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There was a time, some five years back, when many South Africans flirted, earnestly, with the belief that their country had found its saviour – and that Mr Ramaphosa, a sober man of obvious integrity and experience, would put a stop to a grim decade of corruption and economic decline. Flash forward to 2023 and Ramaphosa is seen by many as a disappointment. From his championing of the heavily debated Expropriation without Compensation, to his dubious dealings on his Phala Phala farm and unprecedented levels of loadshedding. Sara Gon, in an article she wrote five years ago, offers her insight that President Cyril Ramaphosa does not have a “reform agenda” – certainly not one that will benefit South Africa – and delves into the reasons. This article was first published on Daily Friend – Asime Nyide
A 5-year old analysis of Cyril the Reformer
By Sara Gon*
I wrote this article 5 years ago and I thought it was worth revisiting in light of the disintegration of the new dawn. It reminds us that President Cyril Ramaphosa does not have a “reform agenda” – certainly not one that will benefit South Africa.
In his editorial (BN Tuesday 09/04/2018) Alec Hogg said the following:
‘I guess one had to be in Beijing to appreciate the nuance and context. But reading through one of SA president Cyril Ramaphosa’s speeches at the China/Africa Forum left me decidedly uncomfortable. Especially considering the appalling record of African nations which have adopted socialist economic policies.
‘For most of humanity, Chinese leader Mao Zedong is counted among earth’s most evil dictators. Scholars estimate his various ideologically- based campaigns like China’s “Great Leap Forward” caused the unnatural deaths of between 40m and 80m of his fellow citizens. Even in his homeland Mao’s legacy, at best, gets a mixed press.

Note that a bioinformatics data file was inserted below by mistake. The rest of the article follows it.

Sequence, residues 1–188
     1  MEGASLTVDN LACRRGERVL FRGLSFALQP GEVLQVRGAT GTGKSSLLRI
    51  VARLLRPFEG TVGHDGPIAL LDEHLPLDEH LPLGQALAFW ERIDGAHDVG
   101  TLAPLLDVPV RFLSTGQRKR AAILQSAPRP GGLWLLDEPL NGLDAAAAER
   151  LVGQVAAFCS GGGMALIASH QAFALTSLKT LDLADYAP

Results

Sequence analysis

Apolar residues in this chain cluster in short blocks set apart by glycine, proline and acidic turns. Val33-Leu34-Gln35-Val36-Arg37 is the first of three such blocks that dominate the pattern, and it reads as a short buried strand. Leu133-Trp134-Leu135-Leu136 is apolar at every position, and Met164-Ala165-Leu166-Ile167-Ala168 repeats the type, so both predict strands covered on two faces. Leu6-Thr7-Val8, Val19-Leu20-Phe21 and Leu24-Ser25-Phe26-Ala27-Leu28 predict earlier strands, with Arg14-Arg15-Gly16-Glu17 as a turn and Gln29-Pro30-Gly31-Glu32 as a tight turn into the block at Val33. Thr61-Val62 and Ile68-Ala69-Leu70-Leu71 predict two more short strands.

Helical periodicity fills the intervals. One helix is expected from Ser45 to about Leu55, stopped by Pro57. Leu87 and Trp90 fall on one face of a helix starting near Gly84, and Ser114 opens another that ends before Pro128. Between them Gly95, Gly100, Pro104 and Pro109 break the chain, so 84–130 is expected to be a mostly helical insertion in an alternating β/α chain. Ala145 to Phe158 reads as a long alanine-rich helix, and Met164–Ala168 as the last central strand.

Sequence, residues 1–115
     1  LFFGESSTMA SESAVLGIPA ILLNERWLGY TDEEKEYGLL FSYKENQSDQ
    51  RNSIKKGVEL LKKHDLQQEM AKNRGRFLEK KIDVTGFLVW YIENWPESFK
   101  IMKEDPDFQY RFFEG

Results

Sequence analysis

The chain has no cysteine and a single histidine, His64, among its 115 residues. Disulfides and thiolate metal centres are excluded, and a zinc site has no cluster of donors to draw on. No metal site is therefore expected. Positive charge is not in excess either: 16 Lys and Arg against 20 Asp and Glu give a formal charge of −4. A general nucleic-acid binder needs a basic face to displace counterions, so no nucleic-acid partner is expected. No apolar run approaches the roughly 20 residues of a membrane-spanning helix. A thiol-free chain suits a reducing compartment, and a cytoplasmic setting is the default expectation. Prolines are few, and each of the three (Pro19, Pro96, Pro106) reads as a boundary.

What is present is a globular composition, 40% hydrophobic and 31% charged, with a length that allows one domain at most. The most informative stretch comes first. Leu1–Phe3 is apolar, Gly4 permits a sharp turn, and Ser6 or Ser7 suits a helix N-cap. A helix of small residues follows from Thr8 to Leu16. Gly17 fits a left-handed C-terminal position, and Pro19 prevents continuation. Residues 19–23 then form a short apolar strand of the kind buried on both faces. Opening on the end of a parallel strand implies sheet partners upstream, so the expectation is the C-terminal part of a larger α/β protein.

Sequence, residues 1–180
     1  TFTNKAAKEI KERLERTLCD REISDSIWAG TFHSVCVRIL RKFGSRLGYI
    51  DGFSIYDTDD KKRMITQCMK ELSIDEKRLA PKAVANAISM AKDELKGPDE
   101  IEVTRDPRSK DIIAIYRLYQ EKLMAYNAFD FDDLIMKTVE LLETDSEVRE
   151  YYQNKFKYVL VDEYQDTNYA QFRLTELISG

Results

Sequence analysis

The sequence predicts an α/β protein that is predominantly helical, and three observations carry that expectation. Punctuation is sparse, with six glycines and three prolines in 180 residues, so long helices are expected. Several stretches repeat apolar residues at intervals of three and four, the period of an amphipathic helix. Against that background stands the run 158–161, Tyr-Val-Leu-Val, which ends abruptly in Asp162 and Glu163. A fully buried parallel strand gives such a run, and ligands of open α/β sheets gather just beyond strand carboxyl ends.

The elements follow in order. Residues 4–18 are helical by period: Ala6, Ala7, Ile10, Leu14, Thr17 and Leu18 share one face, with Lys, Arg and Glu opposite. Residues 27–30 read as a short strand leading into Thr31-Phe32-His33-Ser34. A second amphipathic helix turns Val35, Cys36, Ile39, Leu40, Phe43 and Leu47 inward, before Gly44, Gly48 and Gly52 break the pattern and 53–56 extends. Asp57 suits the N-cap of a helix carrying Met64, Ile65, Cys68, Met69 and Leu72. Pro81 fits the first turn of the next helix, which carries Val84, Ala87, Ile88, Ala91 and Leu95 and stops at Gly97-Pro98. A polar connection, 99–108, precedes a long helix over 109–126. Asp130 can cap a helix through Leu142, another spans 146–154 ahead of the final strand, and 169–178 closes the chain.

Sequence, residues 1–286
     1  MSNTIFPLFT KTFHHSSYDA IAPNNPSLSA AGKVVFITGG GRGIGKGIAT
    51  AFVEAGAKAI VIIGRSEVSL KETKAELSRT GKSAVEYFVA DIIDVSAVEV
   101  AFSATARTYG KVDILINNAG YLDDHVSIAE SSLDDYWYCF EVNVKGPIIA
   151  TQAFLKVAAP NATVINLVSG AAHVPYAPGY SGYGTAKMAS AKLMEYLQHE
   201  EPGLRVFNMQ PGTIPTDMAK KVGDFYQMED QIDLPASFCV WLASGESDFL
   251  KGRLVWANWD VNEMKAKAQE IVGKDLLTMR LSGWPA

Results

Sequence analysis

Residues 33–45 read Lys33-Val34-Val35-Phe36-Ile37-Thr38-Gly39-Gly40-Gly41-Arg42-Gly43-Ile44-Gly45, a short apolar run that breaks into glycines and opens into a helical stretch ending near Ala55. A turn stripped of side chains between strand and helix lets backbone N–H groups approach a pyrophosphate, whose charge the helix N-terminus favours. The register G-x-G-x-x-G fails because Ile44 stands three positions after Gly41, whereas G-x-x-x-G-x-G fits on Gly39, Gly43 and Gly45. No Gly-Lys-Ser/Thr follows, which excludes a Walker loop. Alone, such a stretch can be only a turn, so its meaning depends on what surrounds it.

‘The well-read Ramaphosa knows that. Yet yesterday he happily cited Mao at the end of a speech fulsome with praise for the hosts of the latest renewal of the once-every-three-years Forum on China Africa Co-operation (FOCAC).
Especially disturbing were Mao’s words which Ramaphosa finds so inspiring: “To achieve a lasting world peace, we must further develop our friendship and co-operation with the fraternal countries in the socialist camp…‘
Hogg recognises that this dashes our hopes that SA will embrace free enterprise as a path to prosperity. ‘Instead, we probably need to brace for another African National Congress (ANC) jump to the left.’
In the six months of his presidency of South Africa Ramaphosa has moved us towards socialism faster than any leader before him.
Ramaphosa is a master practitioner of passive-aggressive politics. He allows an impression to be created though not through anything [he] has said about himself.
Ramaphosa has never said he supports the free market, nor that he is a classical liberal, nor that he is ‘business friendly’. These are all assumptions Ramaphosa has allowed to take root – he has neither confirmed nor denied them.
What he has said is that he is a socialist. His speech at the Centenary Celebrations of the birth of Nelson Mandela on 18 July 2018 was unambiguous:
‘A defining moment in his [Mandela’s] political development was when he was able to overcome his hostility towards the Communist Party of South Africa.
Through hours of intensive engagement with comrades like Walter Sisulu and Moses Kotane, he came to appreciate the contribution of communists in the National Democratic Revolution.
He came to understood the class content of the national struggle and the national content of the class struggle.
This moment in the evolution of his political thought is instructive, because it demonstrates the extent to which even the greatest leader is shaped by the circumstances of struggle, by the movement and by those around them.’